But Root and Branch and Discovery lecturer Dr. Gerald Schroeder (in Genesis and the Big Bang) applies Einstein's theory of relativity to this issue-- statements relating to passage of time must specify frames of reference. The frame of the Creator is appropriate during Creation; it encompasses the whole universe-- "For those days were not like human days, but they were days from which are formed unfathomable years" (R. Bachye, Gen. 1:1). A "day" of the Creator corresponds to a few billion years; there's no scientific evidence for the "creationist" postulate of drastic changes in velocity of light (C. Domb). Schroeder views Adam as the first humanoid, after countless generations of such, to seek and find Man's Divine Image-- much as Avram sought out God and only then became the founder of Israel. Prof. Natan Aviezer portrays amazing parallels to contemporary science ("IN THE BEGINNING", $30 from TOP): the Big Bang is creatio ex nihilo, ice masses of comets and outer planets are "waters above the heavens", etc. See Schroeder on evolution in our Shmini Atzeret study.

God creates the universe from unformed substance (Ramban; R. Bachye compares Creation to sowing seeds, which gradually sprout). He gives light (the energy fireball?) on Day 1, before astral bodies are created (darkness was already created; it's not just absence of light-- Is. 45:7; is it black plasma, before atoms?). Rabbis view this first light, separated from darkness, as higher light, put away for the righteous in the future world; we pray each day that God shine "a new light" on Zion; thus the "new heaven and new earth" of the future is the original higher heaven and earth of Gen. 1:1, created before our present world-- Ramban, Haazinu. God's spirit, hovering over the waters (1:2), creates all life from the raw material of inanimate waters (E. Munk). It's also the spirit of the Godlike, but human, Messiah, who rebuilds Eden. The astronomer Halley identifies God's spirit with cosmic nebulae!-- see John Hulley's TOP video and recent book on Jews, Christians, Nobel prizes, asteroids and Torah ($20 from TOP). Rav Yitzchak Hutner explains Ramban's claim in Exodus that all nature is hidden miracles-- the primordial light of the first day retains its life-giving potency; hidden, its workings continue; a miracle is simply a hole in the "screen"-- the laws of nature-- concealing it. Micha Odenheimer applies this to the darkness of the subconscious, from which dreams of God's radiance emerge.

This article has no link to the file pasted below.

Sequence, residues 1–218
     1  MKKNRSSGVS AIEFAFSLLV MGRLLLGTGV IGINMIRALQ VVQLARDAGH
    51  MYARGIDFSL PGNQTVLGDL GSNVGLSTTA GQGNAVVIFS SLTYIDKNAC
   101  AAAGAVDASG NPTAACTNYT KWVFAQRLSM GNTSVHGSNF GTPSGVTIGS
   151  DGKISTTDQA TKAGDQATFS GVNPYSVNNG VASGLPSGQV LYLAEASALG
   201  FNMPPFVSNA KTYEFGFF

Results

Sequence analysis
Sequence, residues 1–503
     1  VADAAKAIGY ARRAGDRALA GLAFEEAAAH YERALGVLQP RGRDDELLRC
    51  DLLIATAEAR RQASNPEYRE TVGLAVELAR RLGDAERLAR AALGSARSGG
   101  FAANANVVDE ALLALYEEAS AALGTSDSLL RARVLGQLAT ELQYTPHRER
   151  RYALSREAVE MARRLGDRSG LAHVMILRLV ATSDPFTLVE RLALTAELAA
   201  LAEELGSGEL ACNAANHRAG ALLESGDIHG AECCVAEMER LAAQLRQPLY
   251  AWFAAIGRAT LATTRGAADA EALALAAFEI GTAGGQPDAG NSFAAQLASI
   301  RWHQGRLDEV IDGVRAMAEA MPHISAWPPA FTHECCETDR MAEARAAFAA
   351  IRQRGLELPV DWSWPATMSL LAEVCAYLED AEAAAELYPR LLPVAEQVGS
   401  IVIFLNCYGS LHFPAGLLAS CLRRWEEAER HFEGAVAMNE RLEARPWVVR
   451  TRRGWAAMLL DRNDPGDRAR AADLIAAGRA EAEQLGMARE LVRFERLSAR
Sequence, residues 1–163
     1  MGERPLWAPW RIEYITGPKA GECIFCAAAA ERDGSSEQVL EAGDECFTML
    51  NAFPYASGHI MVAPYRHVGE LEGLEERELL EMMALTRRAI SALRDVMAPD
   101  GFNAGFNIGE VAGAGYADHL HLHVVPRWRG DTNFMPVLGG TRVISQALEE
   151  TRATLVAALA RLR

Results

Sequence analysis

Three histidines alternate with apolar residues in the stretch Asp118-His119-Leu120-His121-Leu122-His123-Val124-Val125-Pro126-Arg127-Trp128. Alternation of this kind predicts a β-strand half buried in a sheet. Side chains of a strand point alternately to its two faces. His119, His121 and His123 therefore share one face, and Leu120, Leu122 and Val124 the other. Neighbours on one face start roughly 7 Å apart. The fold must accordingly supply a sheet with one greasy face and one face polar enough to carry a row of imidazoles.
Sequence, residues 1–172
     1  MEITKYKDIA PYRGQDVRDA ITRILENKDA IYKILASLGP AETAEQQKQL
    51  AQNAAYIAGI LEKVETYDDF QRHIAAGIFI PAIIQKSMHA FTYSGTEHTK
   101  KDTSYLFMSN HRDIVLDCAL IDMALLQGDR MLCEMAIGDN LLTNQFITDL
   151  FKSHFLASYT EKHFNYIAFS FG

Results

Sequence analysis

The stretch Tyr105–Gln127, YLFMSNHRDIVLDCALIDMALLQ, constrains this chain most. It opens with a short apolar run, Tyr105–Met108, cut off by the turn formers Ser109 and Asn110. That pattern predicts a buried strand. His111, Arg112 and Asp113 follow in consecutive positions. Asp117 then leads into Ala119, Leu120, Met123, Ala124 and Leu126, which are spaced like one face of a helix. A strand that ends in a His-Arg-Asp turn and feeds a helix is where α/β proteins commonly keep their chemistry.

On Day 2, God created the sky, dividing upper and lower waters. Due to this necessary, but painful, division of wholeness, God doesn't label day 2 "good"-- Midrash Hagadol, Gen. 4; we too should aim for unification, unless counter-productive (UN?); sometimes division leads to higher unity (cf. family quarrels, Babel). The hard-earned restored unity of nature, via man, may be greater than its original unity by Divine fiat. So Moshe's soul finds his perfected earthly body a holier home than angelic heaven, and resists death (Dvarim Raba 11). Kabbalists dwell upon uniting disparate aspects of God, often mentioned in Sephardic and Nusach- or Neo-Sfrad prayer books (vs. Nodei B'Yehuda-- see Jacobs, Hassidic Prayer); Nusach Ashkenaz siddurim generally ignore this theme; perhaps they feared suggestions of Divine Plurality, as the non-Jewish trinity (so David Berger, in Jewish Action, warns against tolerating those Chabadniks who claim that the dead buried Rebbe is indeed the Messiah, dangerously close to Christianity). Yet this notion occasionally creeps into even ashkenazic prayer books, perhaps a typesetter's contribution, e.g. in counting the omer to "unify the Holy One Blessed Be He and His Sh'chinah". Some medieval scholars, opposed to the notion of God's sfirot or emanations, said it was even worse to split Him into a kabbalistic 10 parts than into a Christian 3! (Rivash, Rav Peretz Hacohen, Rav Shimshon of Kinon etc.).